A prominent banker told Daily News Egypt that there is a major problem which must be solved before the Central Bank of Egypt (CBE) takes any step towards devaluating or floating the pound: banking customers with open currency positions in foreign exchange.
The CBE decided earlier to allow banks to cover the letters of credit for their customers who import in US dollars by lending them the value of those credits on the condition that the customers will later repay those loans when they have foreign currency.
The import deals of these customers were implemented at the dollar’s official exchange rate in banks, which has stood at EGP 8.88 since March.
The open currency position is the difference between balance assets and liabilities in foreign currency plus the forward (conditional and unconditional) foreign exchange purchases and sales. The open currency position is the measure of the foreign exchange risk.
While there are no precise statistics on the size of these customers’ open currency positions at banks, some are estimating them at $2-5bn.
According to the source, any new decrease in the value of the Egyptian pound before the customers pay what they owe to banks will cause them heavy losses. In this case, the customers would have to buy dollars at high rates even though they had done the import deals at the [hypothetically] older official price.
According to an official at the treasury sector in a bank operating in the local market, only those customers will be affected by the consequences of devaluating or floating the pound, as the contracts between banks and their customers state that if the customer has any open currency positions, only he/she is committed to paying the dollar amounts owed to banks from his/her own resources.
The source added that banks may be affected if customers fail to provide dollars and pay what they owe banks.
The majority of the customers priced their goods upon the unofficial dollar exchange rate at the time of implementing the deals. These customers will not be affected in the case that the pound is devaluated or floated. On the other hand, a limited number of customers priced their goods upon the official dollar exchange rate. This segment is the one that will be greatly affected, according to the source.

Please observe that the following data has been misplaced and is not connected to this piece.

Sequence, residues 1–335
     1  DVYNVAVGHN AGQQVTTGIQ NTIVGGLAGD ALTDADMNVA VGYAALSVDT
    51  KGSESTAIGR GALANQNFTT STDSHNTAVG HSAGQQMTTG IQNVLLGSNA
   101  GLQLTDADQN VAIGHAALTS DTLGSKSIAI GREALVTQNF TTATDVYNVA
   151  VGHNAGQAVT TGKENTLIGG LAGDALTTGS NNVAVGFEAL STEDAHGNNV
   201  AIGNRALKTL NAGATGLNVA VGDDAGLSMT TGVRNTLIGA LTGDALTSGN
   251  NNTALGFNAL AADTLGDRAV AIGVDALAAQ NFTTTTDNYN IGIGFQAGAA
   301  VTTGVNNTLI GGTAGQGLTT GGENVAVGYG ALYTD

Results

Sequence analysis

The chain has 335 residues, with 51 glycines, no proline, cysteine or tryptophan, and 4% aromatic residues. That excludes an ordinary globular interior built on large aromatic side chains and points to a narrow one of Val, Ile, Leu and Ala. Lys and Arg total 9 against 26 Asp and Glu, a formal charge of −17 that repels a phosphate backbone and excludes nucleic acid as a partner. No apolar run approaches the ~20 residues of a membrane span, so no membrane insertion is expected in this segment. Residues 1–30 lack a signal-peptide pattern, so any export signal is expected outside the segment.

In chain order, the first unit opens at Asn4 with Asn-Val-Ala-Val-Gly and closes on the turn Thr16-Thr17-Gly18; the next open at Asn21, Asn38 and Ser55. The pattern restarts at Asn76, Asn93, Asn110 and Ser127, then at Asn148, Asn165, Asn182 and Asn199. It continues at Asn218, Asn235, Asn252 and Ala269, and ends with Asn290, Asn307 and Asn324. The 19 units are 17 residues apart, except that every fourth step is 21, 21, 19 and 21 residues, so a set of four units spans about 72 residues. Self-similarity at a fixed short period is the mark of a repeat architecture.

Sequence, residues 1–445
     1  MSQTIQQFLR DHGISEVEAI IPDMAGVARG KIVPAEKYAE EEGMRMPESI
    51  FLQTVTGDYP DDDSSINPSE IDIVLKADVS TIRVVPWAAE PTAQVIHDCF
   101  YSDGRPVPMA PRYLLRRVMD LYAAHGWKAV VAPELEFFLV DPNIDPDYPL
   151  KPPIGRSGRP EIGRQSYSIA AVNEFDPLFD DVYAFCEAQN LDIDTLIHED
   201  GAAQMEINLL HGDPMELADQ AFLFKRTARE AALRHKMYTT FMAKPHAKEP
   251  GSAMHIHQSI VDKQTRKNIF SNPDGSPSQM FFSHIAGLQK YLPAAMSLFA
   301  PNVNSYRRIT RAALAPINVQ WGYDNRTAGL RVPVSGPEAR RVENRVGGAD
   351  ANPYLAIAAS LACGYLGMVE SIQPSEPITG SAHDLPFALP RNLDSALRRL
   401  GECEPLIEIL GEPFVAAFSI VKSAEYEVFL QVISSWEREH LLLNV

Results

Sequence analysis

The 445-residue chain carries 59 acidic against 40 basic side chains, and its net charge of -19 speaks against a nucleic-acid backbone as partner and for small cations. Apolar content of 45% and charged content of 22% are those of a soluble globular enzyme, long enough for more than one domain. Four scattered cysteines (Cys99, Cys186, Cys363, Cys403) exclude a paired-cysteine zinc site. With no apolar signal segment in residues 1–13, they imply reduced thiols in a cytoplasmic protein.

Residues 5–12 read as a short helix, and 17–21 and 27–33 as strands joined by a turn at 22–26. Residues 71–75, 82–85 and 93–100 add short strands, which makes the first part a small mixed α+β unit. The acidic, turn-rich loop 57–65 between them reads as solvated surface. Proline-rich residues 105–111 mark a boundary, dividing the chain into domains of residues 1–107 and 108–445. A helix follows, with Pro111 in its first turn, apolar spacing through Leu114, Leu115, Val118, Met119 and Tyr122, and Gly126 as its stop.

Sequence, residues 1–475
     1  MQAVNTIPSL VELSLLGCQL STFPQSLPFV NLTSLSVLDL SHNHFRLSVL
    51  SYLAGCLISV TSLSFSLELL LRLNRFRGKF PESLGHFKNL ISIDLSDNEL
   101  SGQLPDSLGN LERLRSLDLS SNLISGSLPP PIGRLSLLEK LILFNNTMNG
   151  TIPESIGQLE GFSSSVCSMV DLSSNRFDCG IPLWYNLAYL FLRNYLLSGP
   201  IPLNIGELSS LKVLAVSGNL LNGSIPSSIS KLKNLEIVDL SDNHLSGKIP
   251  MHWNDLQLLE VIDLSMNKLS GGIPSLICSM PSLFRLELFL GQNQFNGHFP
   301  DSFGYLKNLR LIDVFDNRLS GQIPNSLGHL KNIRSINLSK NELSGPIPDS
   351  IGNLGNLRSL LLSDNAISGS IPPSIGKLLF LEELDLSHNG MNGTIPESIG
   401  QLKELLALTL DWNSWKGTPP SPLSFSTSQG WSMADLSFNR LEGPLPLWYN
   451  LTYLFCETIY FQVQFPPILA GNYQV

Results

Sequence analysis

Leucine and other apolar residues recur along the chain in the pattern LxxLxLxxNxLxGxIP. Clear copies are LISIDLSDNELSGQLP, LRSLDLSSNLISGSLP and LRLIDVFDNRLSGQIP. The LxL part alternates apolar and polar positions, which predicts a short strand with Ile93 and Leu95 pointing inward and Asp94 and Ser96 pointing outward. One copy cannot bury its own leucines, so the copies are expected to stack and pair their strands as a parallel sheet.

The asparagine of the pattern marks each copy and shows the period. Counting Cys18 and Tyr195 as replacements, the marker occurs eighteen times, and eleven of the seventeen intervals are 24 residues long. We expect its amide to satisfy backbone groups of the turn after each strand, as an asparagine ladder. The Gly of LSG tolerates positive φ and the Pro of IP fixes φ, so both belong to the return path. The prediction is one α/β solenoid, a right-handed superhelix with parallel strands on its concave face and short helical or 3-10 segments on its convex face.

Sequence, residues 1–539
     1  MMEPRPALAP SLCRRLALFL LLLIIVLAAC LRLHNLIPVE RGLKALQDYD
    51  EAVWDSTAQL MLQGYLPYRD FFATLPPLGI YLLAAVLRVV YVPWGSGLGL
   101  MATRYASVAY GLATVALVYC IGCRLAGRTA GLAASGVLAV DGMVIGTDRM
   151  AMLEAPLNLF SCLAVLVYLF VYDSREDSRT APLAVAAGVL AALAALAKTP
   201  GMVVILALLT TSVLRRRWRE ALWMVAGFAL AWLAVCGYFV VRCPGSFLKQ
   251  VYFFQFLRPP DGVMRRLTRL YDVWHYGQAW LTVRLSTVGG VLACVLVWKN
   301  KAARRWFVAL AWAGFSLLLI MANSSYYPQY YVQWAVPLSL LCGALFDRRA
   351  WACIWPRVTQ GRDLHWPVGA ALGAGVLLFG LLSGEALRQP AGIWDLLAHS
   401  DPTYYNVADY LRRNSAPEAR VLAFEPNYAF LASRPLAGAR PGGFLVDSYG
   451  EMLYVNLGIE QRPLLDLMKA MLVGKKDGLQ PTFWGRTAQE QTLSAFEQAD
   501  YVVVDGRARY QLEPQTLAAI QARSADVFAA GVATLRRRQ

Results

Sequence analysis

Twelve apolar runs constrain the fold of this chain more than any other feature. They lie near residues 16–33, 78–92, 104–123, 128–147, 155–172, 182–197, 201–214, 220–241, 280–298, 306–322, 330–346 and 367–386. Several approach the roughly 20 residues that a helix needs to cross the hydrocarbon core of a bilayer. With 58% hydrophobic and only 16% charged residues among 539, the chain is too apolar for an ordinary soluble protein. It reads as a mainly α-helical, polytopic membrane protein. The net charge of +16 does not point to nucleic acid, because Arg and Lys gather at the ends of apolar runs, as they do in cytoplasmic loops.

The source added that the most affected customers are importers of medicine and those who import goods that are priced by the government.
According to banking expert and general manager at a bank operating in the local market, Dr. Ezz El-Din Hassanein, if the pound is devaluated to a level close to the unofficial price, the government will be the most affected party following that step.
He said that the government is the main importer of the food commodities and fuel, and has obligations in dollars. Moreover, its public companies, such as the Suez Canal Authority, as well as petroleum and electricity companies are debtors in dollar. Additionally, such a step would increase the state budget deficit, according to Hassanein.
Hassanein is expecting the dollar price in the unofficial market to increase to an extreme level, and the price of goods and services to double if the CBE devaluated the pound without a plan to face the repercussions of that step.
To counteract this possibility, the Chinese yuan must first be announced as the only currency used in importing from China; the dollar price would then collapse down to EGP 12 or less. At that low price, the CBE can then officially devaluate the pound to a suitable price for both importers and exporters, without the dollar’s price increasing again, according to Hassanein.
Hassanein said that any pound devaluation by the CBE before that step would be “suicidal”; therefore, devaluating or floating the pound is unlikely at the present time.